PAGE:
Alan Watts Dispenses Wit & Wisdom on the Meaning of Life in Three Animated Videos

Since his death in 1973, the pop­u­lar British philoso­pher, writer, speak­er, and one­time-Epis­co­pal-priest-turned-stu­dent-of-Zen-and-wild­ly-eclec­tic-coun­ter­cul­tur­al-spir­i­tu­al-thinker Alan Watts has become a cot­tage indus­try of sorts. And if you were unfa­mil­iar with his work, you might think—given this descrip­tion and the men­tion of the word “industry”—that Watts found­ed some sort of self-help sem­i­nar series, the kind in which peo­ple make a con­sid­er­able invest­ment of time and mon­ey.

In a sense, he did: the Alan Watts Orga­ni­za­tion (pre­vi­ous­ly known as the Alan Watts Elec­tron­ic Uni­ver­si­ty, the Alan Watts Cen­ter, or the Alan Watts Project) main­tains Watts’ pro­lif­ic audio and video archives. Found­ed in the last year of his life by Watts and his son Mark, the Orga­ni­za­tion charges for access to most of his work. The col­lec­tions are pricey. Albums of talks on such sub­jects as Bud­dhism and Com­par­a­tive Phi­los­o­phy and Reli­gion are exten­sive, but come at a cost.

Though the orga­ni­za­tion offers free con­tent, you could find your­self spend­ing sev­er­al hun­dred dol­lars to hear the col­lect­ed Watts lec­tures. It’s mon­ey the Mark Watts sug­gests cov­ers the “sub­stan­tial under­tak­ing” of dig­i­tiz­ing hun­dreds of hours of record­ings on lac­quered disks and mag­net­ic reels. These are noble and nec­es­sary efforts, but fans of Watts will know that hun­dreds of selec­tions from his deeply engag­ing talks are also freely avail­able on YouTube, many of them with nifty ani­ma­tions and musi­cal accom­pa­ni­ment, like the videos here from After Skool.

Watts would like­ly have been pleased with this situation—he loved to give out wis­dom wide­ly and kept no eso­teric trade secrets. But he was also, by his own admis­sion, “a spiritual/philosophical enter­tain­er,” who made a liv­ing telling peo­ple some of the most unset­tling, coun­ter­in­tu­itive meta­phys­i­cal truths there are. He did it with humor, eru­di­tion and com­pas­sion, with intel­lec­tu­al clar­i­ty and rhetor­i­cal aplomb.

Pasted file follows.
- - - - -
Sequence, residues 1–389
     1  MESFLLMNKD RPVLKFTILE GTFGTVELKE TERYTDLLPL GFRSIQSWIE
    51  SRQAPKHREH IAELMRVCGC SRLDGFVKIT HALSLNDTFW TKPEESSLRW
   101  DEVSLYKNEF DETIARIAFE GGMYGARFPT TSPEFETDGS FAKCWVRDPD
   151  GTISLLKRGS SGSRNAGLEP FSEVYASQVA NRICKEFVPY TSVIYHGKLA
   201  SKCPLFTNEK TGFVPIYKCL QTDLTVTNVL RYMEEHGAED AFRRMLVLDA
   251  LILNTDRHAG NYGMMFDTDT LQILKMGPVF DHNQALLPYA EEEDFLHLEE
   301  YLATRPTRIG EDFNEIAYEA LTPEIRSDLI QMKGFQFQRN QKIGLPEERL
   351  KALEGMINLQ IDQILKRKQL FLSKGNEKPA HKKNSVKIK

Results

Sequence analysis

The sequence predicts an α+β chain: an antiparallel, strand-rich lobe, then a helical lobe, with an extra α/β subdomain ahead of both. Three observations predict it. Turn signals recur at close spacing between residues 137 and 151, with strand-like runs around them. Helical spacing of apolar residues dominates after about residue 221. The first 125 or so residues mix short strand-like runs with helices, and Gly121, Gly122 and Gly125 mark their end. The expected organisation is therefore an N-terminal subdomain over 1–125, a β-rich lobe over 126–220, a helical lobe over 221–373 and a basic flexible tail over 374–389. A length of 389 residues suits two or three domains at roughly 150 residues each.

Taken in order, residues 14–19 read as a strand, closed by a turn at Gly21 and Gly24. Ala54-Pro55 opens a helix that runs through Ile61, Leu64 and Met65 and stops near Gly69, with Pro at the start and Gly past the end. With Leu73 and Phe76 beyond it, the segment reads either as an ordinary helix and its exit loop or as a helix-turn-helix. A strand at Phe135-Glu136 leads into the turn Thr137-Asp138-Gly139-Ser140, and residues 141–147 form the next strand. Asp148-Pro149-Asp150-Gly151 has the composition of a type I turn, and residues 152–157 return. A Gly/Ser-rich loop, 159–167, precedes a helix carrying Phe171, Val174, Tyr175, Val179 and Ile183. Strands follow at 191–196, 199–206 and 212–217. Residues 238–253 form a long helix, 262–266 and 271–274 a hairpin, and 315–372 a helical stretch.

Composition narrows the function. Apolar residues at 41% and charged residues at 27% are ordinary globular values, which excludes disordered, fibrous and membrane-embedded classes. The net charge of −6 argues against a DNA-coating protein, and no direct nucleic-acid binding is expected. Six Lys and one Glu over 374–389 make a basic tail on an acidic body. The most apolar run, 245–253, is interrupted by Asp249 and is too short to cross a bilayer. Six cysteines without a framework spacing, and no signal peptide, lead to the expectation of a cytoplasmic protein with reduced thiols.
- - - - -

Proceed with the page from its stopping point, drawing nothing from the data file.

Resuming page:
So what did he have to tell us? That we should join the church of Alan Watts? Attend his next lec­ture and buy his book? Shape our lives into an emu­la­tion of Alan Watts? Though he wore the trap­pings of a West­ern expos­i­tor of East­ern thought, and embraced all kinds of non-tra­di­tion­al beliefs and prac­tices, Watts was too iron­i­cal and detached to be a guru. He couldn’t take him­self seri­ous­ly enough for that.

If there’s any one thread that runs through the incred­i­bly broad range of sub­jects he cov­ered, it’s that we should nev­er take our­selves too seri­ous­ly either. We buy into sto­ries and ideas and think of them as con­crete enti­ties that form the bound­aries of iden­ti­ty and exis­tence: sto­ries like think­ing of life as a “jour­ney” on the way to some spe­cif­ic denoue­ment. Not so, as Watts says in the ani­mat­ed video at the top. Life is an art, a form of play: “the whole point of the danc­ing is the dance.”

But what about the mean­ing of life? Is Alan Watts going to reveal it in the last course of his ten-week ses­sion (payable in install­ments)? Will we dis­cov­er it in a series of self-improve­ment pack­ages? No. The mean­ing of life he says, is life. “The sit­u­a­tion of life is opti­mal.” But how is any­one sup­posed to judge what’s good with­out unchang­ing exter­nal stan­dards? A clas­sic Zen sto­ry about a Chi­nese farmer offers a con­cise illus­tra­tion of why we may have no need—and no real ability—to make any judg­ments at all.

You’ll find many more free excerpts of Watts’ lectures—of vary­ing lengths and with or with­out ani­ma­tions, on YouTube. To get a fur­ther taste of his spir­i­tu­al and philo­soph­i­cal dis­til­la­tions, see the links below.

Relat­ed Con­tent:

The Wis­dom of Alan Watts in Four Thought-Pro­vok­ing Ani­ma­tions

Zen Mas­ter Alan Watts Explains What Made Carl Jung Such an Influ­en­tial Thinker

Take a Break from Your Fran­tic Day & Let Alan Watts Intro­duce You to the Calm­ing Ways of Zen

Josh Jones is a writer and musi­cian based in Durham, NC. Fol­low him at @jdmagness

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Comments (3)
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  • Sandra says:

    I’m very con­fused about the mean­ing of life .…

  • K says:

    My under­stand­ing is that the mean­ing of life is sim­ply to live it. Take things as they come with great open­ness. Eas­i­er said than done. I found med­i­ta­tion to have helped.

  • Mike Mckellar says:

    What oth­ers find true I often find absurd. They hold their belief so dear­ly. I might be wrong. I can’t be as sure as they seem to be. No revealed truth for me. It’s lone­ly.

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